Four tips for a dog that hates travelling in a car

Carlton Boyce / 10 May 2016

Struggle to get your dog in the car? Follow our tips to make travelling in your car with your pet an easy and enjoyable experience.



Dogs and cars are not always an easy mix. While nothing makes man’s best friend happier than a decent walk the sometimes inevitable ride in a car to get there can be a harrowing and uncomfortable experience for both parties. 

But there are things you can do to help.

1. Start them early

If you have a puppy, then you need to start them in the car early with short journeys that slowly become progressively longer. 

Try to avoid only taking him in the car for negative reasons: if he only ever takes a ride to the vets until his inoculations are finished then he will only ever associate the car with pain.

Of course, with a puppy there are bound to be accidents, so put plenty of newspaper down and don’t, whatever you do, scold him. If you do, he will associate car travel with getting told off, entering a vicious cycle that will end in misery for you both.

Six tips for safely travelling with your dog in your car.

2. Distract them

If your dog just doesn’t enjoy travelling but will happily jump into the car, then you can try distracting her. 

Toys and tooth-friendly chews are a good place to start but you might find that just talking to them reassures them.

The boot of an estate or hatchback car – with a dog guard fitted – is the safest place for them to travel, but some dogs won’t like the isolation. 

In this case you could try letting them sit on the back seat, so they are closer to you. If you do this you should use a good quality harness that fastens to the seat belt of your car. This simple measure will protect you both if you are unlucky enough to be involved in a car accident.

Think you know the law? Read our guide to six laws every dog owner should know.

3. Break the link

Some dogs associate cars with an unpleasant experience, whether that be getting car-sick or just a visit to the vets, and will refuse to even get into the car, no matter how much you cajole them! 

If you can break that chain, you are well on the way to owning a dog that loves, rather than hates, the car.

You could try leaving the boot open and playing with your dog around the car before tempting him with a treat to jump into the boot for a moment or two. If he refuses, try opening both rear doors before climbing into the car with him on a lead. Gently move across the seat until the lead tightens and hopefully he will follow as your car now looks like a tunnel, not an enclosed space. Extend the time that you and he spend on the back seat of the car, encouraging him all the time by praising and stroking him.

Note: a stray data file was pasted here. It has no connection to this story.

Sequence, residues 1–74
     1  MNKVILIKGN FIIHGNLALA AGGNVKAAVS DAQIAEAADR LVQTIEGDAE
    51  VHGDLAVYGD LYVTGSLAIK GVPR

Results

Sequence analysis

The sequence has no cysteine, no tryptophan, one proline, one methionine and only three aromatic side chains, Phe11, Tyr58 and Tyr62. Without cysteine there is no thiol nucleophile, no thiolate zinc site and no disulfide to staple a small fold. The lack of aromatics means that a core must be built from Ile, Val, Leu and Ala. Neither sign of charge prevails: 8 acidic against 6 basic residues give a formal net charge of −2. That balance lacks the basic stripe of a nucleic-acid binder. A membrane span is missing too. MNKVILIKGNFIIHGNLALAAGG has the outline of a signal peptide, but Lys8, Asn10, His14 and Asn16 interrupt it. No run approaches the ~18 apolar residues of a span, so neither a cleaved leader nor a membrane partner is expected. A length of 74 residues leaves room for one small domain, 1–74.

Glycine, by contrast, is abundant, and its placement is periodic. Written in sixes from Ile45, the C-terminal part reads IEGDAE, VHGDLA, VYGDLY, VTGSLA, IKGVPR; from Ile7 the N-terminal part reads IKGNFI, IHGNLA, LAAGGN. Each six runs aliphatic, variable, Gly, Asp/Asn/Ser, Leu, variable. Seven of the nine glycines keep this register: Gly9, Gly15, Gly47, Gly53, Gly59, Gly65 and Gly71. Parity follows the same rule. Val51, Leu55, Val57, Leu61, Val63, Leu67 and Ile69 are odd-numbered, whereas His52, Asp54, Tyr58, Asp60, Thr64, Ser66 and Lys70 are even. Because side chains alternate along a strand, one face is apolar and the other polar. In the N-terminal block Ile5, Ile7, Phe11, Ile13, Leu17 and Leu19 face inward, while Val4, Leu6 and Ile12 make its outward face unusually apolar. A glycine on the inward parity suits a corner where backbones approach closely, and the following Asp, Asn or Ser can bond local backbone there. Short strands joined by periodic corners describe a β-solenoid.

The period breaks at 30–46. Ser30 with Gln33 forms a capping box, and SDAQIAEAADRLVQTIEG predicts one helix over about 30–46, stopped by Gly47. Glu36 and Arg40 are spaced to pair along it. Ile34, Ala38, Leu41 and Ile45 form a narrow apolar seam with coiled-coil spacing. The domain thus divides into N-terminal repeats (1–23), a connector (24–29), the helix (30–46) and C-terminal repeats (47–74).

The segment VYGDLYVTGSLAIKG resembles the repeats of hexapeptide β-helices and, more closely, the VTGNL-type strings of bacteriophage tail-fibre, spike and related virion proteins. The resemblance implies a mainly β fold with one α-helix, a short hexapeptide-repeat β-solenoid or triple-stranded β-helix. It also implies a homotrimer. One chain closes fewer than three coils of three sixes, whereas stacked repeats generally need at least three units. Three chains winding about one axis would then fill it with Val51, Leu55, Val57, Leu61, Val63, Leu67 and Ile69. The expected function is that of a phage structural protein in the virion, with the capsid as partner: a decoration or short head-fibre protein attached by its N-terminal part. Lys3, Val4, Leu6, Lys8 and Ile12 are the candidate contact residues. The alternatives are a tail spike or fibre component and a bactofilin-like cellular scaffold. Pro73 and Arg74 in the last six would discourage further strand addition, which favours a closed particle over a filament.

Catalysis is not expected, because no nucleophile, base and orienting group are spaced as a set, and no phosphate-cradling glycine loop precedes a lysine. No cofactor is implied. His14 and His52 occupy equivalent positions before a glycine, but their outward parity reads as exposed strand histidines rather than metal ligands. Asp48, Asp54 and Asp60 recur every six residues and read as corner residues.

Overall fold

You can then move the same game into the boot and extend the period before finally closing the boot for a few seconds with you sitting beside him. Eventually – and this might takes weeks to achieve – you will be able to take short journeys with both of you feeling much calmer about the whole thing!

Going on a long journey? Read our tips to make it safer and more enjoyable.

4. Take regular breaks

Finally, once you’ve got your dog feeling happy about travelling in your car, you need to remember to take regular breaks. 

Your dog sees the world through her nose so taking regular short walks throughout a car journey will keep her happy and stimulated, turning the journey into a pleasurable experience rather than something to be endured.

Do you have any tips to encourage a reluctant dog into your car? We’d love to hear your thoughts in the comments section below!

For more tips and useful information, browse our motoring articles.


With the highest possible rating from independent financial research company Defaqto for our comprehensive cover, Saga Car Insurance is worth considering. To find out more click here.

The opinions expressed are those of the author and are not held by Saga unless specifically stated.

The material is for general information only and does not constitute investment, tax, legal, medical or other form of advice. You should not rely on this information to make (or refrain from making) any decisions. Always obtain independent, professional advice for your own particular situation.